Until next time,
Faith

 

Handy new writing perch!
Musings

[Blog] Writing, Writing, Rewriting

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When I was in junior high, I distinctly remember having a conversation with one of my friends in which we expressed our doubts on whether or not all the famous authors we were studying really meant to infuse their works with all the themes and symbolism that our lit teachers said they did. If I remember correctly, we admitted that at least some of the structuring was done on purpose, but we figured that it had far more to do with the author wanting to write a good story than to make any particular point. Looking back, my only defense is that we were very young and very foolish, and we both grew a great deal wiser in the years that followed. It turns out there’s an awful lot that thirteen year olds (and the rest of us) don’t know, despite their opinion to the contrary.

That being said, I think (hope?) that I had formed that particular belief in part because of a faulty understanding of the way the vast majority of people write good stories– specifically, I had not yet realized that “all good writing is rewriting”. On that first run through a story, whether it’s a vignette or something novel-length or longer, there’s only so much crafting that can be done as you drag the words onto the page and pin them there in something roughly approximating what you had in mind in the first place. Hopefully, you have some idea of the point you want to make, but most of us are going to have to edit, coax, and generally manipulate the words for even longer than it took to write them in the first place if we want them to say everything we want them to. And, of course, some of the things I’ve written that I’m happiest with are the ones I stumbled on and realized after the fact that they worked better than anything else I’d tried, but if it weren’t for rewriting I doubt I’d ever have recognized them.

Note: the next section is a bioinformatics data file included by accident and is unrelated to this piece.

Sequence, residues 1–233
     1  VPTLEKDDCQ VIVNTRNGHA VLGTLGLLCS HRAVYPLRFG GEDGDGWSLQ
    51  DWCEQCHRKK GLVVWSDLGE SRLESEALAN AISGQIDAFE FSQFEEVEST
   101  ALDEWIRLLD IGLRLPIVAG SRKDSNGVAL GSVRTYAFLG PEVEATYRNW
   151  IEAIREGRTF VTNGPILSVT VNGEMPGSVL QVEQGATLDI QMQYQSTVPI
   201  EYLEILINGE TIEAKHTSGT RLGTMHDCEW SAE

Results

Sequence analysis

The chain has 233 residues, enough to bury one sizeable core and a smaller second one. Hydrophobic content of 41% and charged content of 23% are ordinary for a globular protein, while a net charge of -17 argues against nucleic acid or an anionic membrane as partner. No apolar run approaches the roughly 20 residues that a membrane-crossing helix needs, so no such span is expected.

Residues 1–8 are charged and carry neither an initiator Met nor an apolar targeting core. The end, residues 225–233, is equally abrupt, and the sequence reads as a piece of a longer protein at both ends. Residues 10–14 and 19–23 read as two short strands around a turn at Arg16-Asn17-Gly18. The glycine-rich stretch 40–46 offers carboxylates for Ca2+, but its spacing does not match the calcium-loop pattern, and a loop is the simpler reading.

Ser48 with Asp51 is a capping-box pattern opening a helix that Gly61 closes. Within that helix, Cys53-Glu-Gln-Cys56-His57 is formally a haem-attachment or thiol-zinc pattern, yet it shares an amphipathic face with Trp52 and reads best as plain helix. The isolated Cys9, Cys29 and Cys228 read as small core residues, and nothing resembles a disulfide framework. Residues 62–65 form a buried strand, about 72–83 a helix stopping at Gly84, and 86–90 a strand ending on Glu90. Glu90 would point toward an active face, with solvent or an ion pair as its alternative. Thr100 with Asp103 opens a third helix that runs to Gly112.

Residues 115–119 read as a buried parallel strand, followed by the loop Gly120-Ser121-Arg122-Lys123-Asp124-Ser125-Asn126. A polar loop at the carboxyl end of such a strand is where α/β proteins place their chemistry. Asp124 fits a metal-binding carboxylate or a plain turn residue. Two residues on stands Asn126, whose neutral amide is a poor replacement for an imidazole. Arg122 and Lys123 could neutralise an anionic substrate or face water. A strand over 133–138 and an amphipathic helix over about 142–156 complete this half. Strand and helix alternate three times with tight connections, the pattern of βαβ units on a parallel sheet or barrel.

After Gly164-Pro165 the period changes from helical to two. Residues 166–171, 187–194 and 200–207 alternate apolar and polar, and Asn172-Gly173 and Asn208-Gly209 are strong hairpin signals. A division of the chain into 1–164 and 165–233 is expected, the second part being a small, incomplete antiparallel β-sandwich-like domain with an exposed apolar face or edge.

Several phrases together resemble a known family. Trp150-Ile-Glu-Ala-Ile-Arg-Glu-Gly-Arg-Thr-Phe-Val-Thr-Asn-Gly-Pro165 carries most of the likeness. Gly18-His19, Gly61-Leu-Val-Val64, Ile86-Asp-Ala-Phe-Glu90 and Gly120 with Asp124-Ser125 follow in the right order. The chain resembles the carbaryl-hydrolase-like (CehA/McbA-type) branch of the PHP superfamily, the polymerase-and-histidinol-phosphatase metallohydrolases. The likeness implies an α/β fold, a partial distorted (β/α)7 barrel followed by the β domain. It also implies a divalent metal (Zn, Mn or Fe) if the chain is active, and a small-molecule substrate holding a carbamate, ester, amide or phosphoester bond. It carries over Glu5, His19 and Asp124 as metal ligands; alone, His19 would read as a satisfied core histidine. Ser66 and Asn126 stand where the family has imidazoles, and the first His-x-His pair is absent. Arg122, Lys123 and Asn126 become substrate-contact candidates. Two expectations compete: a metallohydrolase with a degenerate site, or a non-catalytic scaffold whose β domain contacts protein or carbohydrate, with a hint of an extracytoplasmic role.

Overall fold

That being said, it’s entirely possible to get stuck in a neverending editing process. Or, worse, it’s easy to start the editing process prematurely, before the whole rough form of the story has made it onto the page. I won’t deny that restarting before reaching the end is occasionally helpful, but more often it seems to just be a good way to get stuck rewriting the same thousand words in a vain attempt to make them perfect. Nine times out of ten, the parts that actually need retooling will only become obvious once you’ve gotten to the end.